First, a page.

**Chapter 3**

October 16 2016

**Chapter 3 The Computation of Derivatives**
**3.1 Derivatives of Polynomials**
- differential calculus, the calculus of derivatives, takes its special flavour and importance from its many applications to the physical, biological, and social sciences
- it would be pleasant to plunge into these applications, but it is more efficient to learn how to calculate derivatives with speed and accuracy
- previously, differentiation was based directly on the limit definition of the derivative:
- f'(x) = lim dx>0 f(x+dx) - f(x) / dx, or,
- dy/dx = d/dx f(x) = lim dx>0 dy / dx
- the approach is rather slow and clumsy
- now we develop a small number of formal rules that will enable us to differentiate large classes of functions quickly, by purely mechanical procedures
- first we start with polynomials, later we can cope with messy algebraics
- recall that a polynomial in x is the sum of constant multiples of powers of x in which each exponent is zero or a positive integer
- P(x) = anxn + an-1xn-1 + ... + a1x + a0
- the way a polynomial is put together out of simpler pieces suggests the differentiation rules we now discuss
**1. The derivative of a constant is zero**
- d/dx c = 0
- the geometric meaning is that a horizontal straight line y = f(x) = c has zero slope
- to prove: expand with three step rule
**2. If n is a positive integer, then d/dx xn = nxn-1**
- the derivative of xn is obtained by bringing the exponent n down in front as a coefficient, then subtracting 1 from it to form the new exponent
- d/dx x2 = 2x, d/dx x3 = 3x2
- to prove: expand with three step rule and binomial theorem
**3. If c is a constant and u = f(x) is a differentiable function of x, then d/dx cu = c du/dx**
- d/dx cxn = cnxn-1
**4. If u = f(x) and v = g(x) then d/dx (u + v) = du/dx + du/dx**
- it is now easy to differentiate any polynomial
- even though the letters x and y are often used for the independent and dependent variables
- any letters are ok (e.g. ds/dt da/ds for speed and acceleration)
**3.2 The Product and Quotient Rules**
- since the derivative of a sum is the sum of the derivatives, it is natural to guess that the derivative of a product might equal the product of the derivatives
- this is not true, for example x3 x4 = x7 so the derivative of the product is 7x6 but the product of the individual derivatives is 3x2 4x3 = 12x5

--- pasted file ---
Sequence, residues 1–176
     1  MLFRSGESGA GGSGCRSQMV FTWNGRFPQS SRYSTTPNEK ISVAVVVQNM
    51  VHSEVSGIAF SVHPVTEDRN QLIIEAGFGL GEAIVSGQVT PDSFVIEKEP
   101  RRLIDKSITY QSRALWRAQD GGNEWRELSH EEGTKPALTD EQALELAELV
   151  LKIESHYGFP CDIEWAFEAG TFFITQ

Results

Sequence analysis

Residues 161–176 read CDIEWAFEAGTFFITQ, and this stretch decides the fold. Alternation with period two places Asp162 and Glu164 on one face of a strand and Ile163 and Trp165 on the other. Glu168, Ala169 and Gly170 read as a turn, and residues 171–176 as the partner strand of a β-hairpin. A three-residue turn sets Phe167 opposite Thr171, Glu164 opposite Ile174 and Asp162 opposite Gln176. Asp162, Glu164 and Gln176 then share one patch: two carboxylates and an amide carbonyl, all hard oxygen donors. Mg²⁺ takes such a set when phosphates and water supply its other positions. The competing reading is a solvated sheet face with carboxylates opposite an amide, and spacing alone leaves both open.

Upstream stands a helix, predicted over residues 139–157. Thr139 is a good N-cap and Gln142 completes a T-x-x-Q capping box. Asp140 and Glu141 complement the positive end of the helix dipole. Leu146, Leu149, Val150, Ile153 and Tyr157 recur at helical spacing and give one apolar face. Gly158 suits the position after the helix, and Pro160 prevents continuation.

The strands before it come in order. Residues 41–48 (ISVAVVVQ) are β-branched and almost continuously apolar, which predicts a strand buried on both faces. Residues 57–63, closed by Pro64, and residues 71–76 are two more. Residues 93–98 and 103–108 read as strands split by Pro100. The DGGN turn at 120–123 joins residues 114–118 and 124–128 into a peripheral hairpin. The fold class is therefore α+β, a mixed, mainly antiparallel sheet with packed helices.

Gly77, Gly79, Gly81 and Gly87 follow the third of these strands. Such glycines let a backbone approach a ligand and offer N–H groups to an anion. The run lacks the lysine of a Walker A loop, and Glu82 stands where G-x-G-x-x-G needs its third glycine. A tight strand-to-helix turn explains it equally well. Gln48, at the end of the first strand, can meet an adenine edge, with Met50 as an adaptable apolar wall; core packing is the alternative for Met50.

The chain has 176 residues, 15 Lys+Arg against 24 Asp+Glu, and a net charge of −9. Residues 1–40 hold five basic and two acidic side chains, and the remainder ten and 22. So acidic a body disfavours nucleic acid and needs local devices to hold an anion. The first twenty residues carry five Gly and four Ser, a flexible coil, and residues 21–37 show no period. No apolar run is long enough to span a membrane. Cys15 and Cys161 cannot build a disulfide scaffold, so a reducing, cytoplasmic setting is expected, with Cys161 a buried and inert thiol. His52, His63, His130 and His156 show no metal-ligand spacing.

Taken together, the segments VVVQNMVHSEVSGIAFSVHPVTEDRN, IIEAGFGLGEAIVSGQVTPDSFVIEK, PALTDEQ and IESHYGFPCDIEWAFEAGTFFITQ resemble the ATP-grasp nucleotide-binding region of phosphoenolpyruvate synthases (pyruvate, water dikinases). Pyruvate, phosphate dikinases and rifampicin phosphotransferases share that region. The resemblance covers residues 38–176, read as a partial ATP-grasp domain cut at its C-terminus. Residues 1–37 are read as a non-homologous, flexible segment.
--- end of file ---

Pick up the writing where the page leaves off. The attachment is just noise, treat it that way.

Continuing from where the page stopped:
- the correct formula for differentiating products is rather surprising
**5. The product rule - d/dx (uv) = u dv/dx + v dv/dx**
- the derivative of a product of two functions is the first times the derivative of the second plus the second times the derivative of the first
- to prove: y = ux expand by the three-step rule
- when both factors are polynomials, the product rule is not needed because the product of two polynomials is also a polynomial
- but more complex situations lie ahead - in which factors are often different types of functions - it will be clear that the product rule is indispensible
**6. The quotient rule - d/dx (u/v) = v du/dx - u dv/dx / v2**
- at all values of x where v is not 0
- the derivative of a quotient is the denominator times the derivative of the numerator minus the numerator times the derivative of the denominator, all divided by the denominator squared
- to prove: expand with the three-step rule
- the quotient rule enables us to extend rule 2 to cases where n is a negative integer
- d/dx x-1 = -1x-2
- d/dx x2 = -2x-3
**3.3 Composite Functions and the Chain Rule**
- lets consider the problem of differentiating this function
- y = (x3 + 2)5
- we can do this by expanding but it is bothersome, it is much better to develop the chain rule
- we decompose the function into single pieces by:
- y = u5 where u = x3 + 2
- we can reconstruct the functions out of these pieces by creating a composite function, a function of a function:
- y = f(u) where u = g(x) y = f(g(x))
- the chain rule is about decomposing a function into simpler functions and using the presumably simpler derivatives of these simpler functions
**7. The chain rule dy/dx = dy/du du/dx**
- its intuitive content is easy to grasp if we think of derivatives as rates of change
- if y changes a times as fast as u
- and u changes b times as fast as x
- then y changes ab times as fast as x
- if a car travels twice as fast as a bicycle and the bicycle is three times as fast as a walking man, then the car travels ten times as fast as the man